Is it time to pull the plug on AID?
Even in the depths of the current recession, no mainstream British political party has suggested that International Aid will be cut. As the Independent recently reported, DFID is seen as untouchable with a budget now touching £8billion per year. There have always been dissenting voices on aid but they are now finding new and diversified strength. Rwanda, a country heavily dependent on aid has become a source of criticism both from President Paul Kagame who praises the no-strings attached infrastructure investments of the Chinese (http://news.bbc.co.uk/1/hi/world/africa/8301826.stm ) , and from Paul Rusesabagina (of Hotel Rwanda fame) who lambasts western governments (particularly the British) for continuing to pour in aid whilst turning a blind eye to the corrupt excesses and territorial ambitions of the Kagame government (http://www.independent.co.uk/opinion/commentators/ian-birrell-why-are-repressive-regimes-given-the-succour-of-british-aid-1788507.html .
I agree with both Kagame and Rusesabagina. It is time to question the mantra of ‘more and better aid’. The UK Department of International Development spends increasing resources on cajoling a marginally interested public to develop an understanding of global development (under the banner of development awareness) but we are in danger of seeing only the ‘emperor’s new clothes’ .
Another prominent critic of aid, Zambian economist, Dambisa Moyo, in her book ‘Dead Aid’ blames aid for the dependency and corruption of African states and sees salvation in capital markets and microfinance and NGOs. Yet her analysis doesn’t really offer anything new. It is well known within the aid industry that aid is problematic and such ‘solutions’ have been the battle cry for 20 years of neo-liberal aid conditionalities. Whilst she makes some very good points concerning the crisis of African governance and aid’s role in fostering dependency and feeding the elites, she does read as something of an apologist for her mentor, Paul Collier.
Jonathan Glennies’ ‘The trouble with aid’ offers a more nuanced account tracking both the positive and negative impacts of aid. He counts the positive direct impacts often aligned with MDG targets as the increase in numbers of children accessing school. But he also charts the indirect impact of aid such as the conditionalities that force poor economies to open up their markets which has led to the destruction of local industries and reinforced dependence on the aid-givers. He also correctly points out that the conventions of ‘good governance’ which seek to decrease the size of the state have led to a policy rhetoric which promotes decentralisation, partnerships with NGOs and the private sector in addition to the ‘empowerment’ of the people. This mantra of good governance has led to only marginal reductions in poverty, some disastrous privatisations benefiting only the elites and an excuse for governments to pass responsibilities conveniently to ‘the people’.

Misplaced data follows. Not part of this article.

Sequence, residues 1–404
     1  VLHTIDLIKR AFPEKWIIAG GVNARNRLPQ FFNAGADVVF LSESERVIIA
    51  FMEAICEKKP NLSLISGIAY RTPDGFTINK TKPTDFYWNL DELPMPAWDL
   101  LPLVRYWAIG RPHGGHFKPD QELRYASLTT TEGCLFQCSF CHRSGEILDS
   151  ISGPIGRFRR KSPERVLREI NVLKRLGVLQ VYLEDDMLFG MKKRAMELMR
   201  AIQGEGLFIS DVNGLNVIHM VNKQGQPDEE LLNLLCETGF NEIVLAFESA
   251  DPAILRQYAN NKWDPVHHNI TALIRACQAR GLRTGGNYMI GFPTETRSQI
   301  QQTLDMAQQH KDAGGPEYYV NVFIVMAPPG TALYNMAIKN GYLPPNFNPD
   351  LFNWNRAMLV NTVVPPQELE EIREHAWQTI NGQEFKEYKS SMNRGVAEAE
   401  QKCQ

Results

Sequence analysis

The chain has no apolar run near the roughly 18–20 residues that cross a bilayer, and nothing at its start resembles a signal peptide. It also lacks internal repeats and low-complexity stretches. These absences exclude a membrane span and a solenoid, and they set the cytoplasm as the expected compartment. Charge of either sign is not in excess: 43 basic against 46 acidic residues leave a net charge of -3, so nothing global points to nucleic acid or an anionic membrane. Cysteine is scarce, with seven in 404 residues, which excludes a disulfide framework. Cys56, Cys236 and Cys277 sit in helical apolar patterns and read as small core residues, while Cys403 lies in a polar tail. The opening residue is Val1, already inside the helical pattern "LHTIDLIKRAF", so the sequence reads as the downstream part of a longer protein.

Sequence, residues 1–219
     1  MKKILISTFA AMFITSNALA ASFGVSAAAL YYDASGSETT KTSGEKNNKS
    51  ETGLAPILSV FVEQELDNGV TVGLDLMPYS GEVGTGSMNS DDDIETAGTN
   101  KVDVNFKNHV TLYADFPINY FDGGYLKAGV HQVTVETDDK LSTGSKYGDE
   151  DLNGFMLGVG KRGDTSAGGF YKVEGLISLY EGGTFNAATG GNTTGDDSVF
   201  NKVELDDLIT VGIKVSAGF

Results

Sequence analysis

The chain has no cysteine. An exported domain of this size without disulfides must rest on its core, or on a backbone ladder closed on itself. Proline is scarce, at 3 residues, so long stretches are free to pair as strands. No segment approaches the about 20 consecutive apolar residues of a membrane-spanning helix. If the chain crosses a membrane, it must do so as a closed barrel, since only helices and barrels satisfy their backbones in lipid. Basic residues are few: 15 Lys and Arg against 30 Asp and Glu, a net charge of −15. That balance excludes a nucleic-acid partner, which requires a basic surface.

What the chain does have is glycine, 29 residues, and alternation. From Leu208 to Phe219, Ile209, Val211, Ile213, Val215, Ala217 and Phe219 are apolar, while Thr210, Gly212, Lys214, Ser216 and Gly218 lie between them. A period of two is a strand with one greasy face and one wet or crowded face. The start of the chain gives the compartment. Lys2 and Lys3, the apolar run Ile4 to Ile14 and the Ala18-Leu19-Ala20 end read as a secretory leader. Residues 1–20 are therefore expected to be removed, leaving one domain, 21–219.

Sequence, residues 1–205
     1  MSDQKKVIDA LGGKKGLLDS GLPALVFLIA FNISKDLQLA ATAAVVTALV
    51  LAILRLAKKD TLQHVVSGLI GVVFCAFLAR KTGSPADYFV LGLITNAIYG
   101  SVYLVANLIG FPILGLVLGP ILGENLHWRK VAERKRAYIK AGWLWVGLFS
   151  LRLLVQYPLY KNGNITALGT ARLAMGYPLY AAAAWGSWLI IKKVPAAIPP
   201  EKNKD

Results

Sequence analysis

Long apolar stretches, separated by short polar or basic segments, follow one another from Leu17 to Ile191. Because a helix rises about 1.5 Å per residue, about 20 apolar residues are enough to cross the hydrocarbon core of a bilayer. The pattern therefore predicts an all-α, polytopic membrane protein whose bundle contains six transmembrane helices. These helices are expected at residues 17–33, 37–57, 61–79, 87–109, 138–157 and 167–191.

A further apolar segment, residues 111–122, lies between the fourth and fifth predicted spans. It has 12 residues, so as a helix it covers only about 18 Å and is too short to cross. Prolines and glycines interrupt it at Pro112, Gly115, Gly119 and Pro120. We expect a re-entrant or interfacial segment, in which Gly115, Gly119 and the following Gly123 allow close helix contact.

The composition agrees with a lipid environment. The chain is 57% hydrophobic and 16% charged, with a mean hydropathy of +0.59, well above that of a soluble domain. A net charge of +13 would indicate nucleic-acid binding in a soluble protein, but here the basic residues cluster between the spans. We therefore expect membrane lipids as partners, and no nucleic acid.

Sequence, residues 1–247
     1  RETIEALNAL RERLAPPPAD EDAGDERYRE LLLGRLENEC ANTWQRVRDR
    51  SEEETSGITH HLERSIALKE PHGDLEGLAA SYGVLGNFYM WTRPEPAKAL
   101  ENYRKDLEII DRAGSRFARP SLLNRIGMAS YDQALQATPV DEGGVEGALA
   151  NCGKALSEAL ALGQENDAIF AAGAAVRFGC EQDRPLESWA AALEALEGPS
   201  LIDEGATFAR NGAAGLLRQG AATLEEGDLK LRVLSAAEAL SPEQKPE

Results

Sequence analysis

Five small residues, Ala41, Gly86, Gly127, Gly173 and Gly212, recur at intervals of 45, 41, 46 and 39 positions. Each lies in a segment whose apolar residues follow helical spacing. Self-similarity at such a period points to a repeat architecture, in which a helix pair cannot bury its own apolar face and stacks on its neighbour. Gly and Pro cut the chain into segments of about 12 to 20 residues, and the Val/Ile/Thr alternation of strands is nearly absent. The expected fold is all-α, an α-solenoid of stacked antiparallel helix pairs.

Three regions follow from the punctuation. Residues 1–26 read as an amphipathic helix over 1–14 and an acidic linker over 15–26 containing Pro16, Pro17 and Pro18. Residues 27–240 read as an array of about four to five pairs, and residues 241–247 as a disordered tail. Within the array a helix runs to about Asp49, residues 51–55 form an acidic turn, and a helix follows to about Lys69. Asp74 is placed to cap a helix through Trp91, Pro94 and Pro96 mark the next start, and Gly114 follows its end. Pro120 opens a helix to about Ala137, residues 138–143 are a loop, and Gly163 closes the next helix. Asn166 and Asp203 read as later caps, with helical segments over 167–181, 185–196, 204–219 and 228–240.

Aid has become focused on policy reform which does little more than produce extensive shopping lists and policy documents. Rather than encouraging governments to be accountable to citizens, power and accountability tends to be to the donors. It encourages reactive rather than proactive government. Aid fundamentally undermines the social contract between government and citizens , but as Glennie says from the point of view of the donor aid is easy and buys friends. That is much easier than really attempting to tackle the global inequalities and post-colonial history that have shaped and created Africa.
However, Glennie too has a blind spot (given his employment in International NGOs). He only singles out government aid in his analysis but his conclusion points to a growing role for NGOs. However they are just as capable as government of creating dependency, supporting corruption and elite capture and imposing conditionalities albeit on a smaller scale.
However, his general conclusion that Africa need LESS and BETTER aid is valid and he is right that in tackling poverty in Africa a far more serious and complex discussion is required concerning the role of trade, migration, climate change and taxation. All of which are major global trans-boundary challenges with no simple solutions.
As a community of Africanists we need to heed this call.